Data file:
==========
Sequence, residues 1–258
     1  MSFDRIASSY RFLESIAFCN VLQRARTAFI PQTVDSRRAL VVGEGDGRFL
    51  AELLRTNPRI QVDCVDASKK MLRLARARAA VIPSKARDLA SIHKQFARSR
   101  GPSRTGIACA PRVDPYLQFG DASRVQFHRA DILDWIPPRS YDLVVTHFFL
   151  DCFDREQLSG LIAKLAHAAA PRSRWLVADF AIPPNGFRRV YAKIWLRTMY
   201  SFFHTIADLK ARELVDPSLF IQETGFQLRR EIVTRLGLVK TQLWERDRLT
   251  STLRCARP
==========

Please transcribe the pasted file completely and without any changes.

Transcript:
Sequence, residues 1–258
     1  MSFDRIASSY RFLESIAFCN VLQRARTAFI PQTVDSRRAL VVGEGDGRFL
    51  AELLRTNPRI QVDCVDASKK MLRLARARAA VIPSKARDLA SIHKQFARSR
   101  GPSRTGIACA PRVDPYLQFG DASRVQFHRA DILDWIPPRS YDLVVTHFFL
   151  DCFDREQLSG LIAKLAHAAA PRSRWLVADF AIPPNGFRRV YAKIWLRTMY
   201  SFFHTIADLK ARELVDPSLF IQETGFQLRR EIVTRLGLVK TQLWERDRLT
   251  STLRCARP